Bank of England probed on whether auctions were rigged to check volatility
The Serious Fraud Office is investigating whether Bank of England officials rigged emergency auctions at the onset of the financial crisis by telling lenders to bid at a particular rate to
minimise questions about the health of their balance sheets.
The SFO is looking at whether banks and building societies were told to offer about the same amount of collateral so no lender would be singled out for overbidding, people familiar
with the probe said.
Overpledging by an individual lender at the time of the auctions could have been seen as a sign of desperation, adding to volatility in the financial markets.
The central bank introduced the auctions in late 2007 after money markets had frozen, allowing lenders to swap a wider range of assets for funding and gain access to emergency
The SFO, which launched the probe this year, is deciding whether it is in the public interest to pursue the case. The BoE action has been characterised as an attempt to spare the
financial system further stress when it was on the brink of meltdown. A decision whether to bring charges is expected before the end of the year.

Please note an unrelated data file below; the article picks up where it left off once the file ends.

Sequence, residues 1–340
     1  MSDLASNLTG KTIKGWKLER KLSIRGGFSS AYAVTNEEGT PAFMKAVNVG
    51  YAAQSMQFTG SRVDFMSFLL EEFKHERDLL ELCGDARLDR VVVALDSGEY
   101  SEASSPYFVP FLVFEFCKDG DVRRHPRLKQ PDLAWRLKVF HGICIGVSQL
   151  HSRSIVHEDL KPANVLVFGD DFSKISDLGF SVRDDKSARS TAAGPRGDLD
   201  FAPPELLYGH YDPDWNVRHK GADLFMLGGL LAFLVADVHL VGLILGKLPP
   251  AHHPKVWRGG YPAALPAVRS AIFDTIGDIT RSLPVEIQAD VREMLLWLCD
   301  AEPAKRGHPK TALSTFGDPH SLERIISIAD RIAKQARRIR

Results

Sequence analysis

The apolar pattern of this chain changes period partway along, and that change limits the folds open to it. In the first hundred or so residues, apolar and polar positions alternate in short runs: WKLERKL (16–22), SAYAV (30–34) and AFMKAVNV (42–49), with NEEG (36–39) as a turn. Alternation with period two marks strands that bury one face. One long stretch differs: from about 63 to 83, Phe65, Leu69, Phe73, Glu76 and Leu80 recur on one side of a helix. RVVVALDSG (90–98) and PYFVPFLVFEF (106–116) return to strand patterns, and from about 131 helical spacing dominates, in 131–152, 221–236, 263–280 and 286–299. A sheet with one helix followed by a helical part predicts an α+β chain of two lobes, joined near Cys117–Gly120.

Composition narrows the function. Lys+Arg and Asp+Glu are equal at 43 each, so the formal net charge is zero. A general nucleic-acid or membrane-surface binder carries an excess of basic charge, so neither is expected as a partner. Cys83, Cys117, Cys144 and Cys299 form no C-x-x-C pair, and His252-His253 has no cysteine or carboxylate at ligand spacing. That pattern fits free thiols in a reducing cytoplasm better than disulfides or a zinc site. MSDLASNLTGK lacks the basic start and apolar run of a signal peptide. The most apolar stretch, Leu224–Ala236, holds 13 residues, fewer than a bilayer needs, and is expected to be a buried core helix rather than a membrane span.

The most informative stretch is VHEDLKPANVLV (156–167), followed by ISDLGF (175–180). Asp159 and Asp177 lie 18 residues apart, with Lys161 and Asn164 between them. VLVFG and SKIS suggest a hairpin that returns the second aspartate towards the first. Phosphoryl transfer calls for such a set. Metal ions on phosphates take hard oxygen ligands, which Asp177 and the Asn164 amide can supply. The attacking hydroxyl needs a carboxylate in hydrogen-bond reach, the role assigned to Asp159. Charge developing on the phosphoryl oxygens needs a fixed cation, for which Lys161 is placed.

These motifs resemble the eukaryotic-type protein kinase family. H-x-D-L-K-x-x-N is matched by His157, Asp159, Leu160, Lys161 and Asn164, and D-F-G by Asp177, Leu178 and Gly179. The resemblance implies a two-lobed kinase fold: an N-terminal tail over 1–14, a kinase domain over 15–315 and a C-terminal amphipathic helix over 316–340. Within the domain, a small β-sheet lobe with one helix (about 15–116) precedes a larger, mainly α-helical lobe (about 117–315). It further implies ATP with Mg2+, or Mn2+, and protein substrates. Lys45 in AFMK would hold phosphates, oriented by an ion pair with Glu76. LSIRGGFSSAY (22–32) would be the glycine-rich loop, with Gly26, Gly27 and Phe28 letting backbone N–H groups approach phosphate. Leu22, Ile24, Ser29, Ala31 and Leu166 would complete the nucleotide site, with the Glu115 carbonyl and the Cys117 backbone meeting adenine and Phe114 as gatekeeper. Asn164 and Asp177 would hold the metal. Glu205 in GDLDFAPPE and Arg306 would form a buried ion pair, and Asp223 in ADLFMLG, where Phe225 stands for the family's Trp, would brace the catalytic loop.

BoE officials have attended voluntary “by appointment” interviews with the SFO, the people close to the probe said.
The SFO has deployed investigators who worked on building the case that resulted in the world’s first guilty verdict in a Liborrelated trial.
Their latest case focuses on 2008 auctions, where lenders pledged a portfolio of mortgagebacked securities in exchange for UK government bonds.
The BoE has already attracted the scrutiny of enforcement agencies on both sides of the Atlantic over actions taken at the height of the crisis.
A crucial chapter of the Libor scandal involved an alleged conversation between Sir Paul Tucker, then a BoE deputy governor, and former Barclays chief Bob Diamond about
manipulating Libor submissions. Sir Paul later testified to a parliamentary committee that he did not give Barclays instructions to lower its Libor submissions.
The BoE said: “Given this is an active investigation, understandably the SFO has asked the bank not to comment while it is ongoing. We are committed to providing as much clarity as
possible to the public.”
Caroline Binham and Lindsay Fortado
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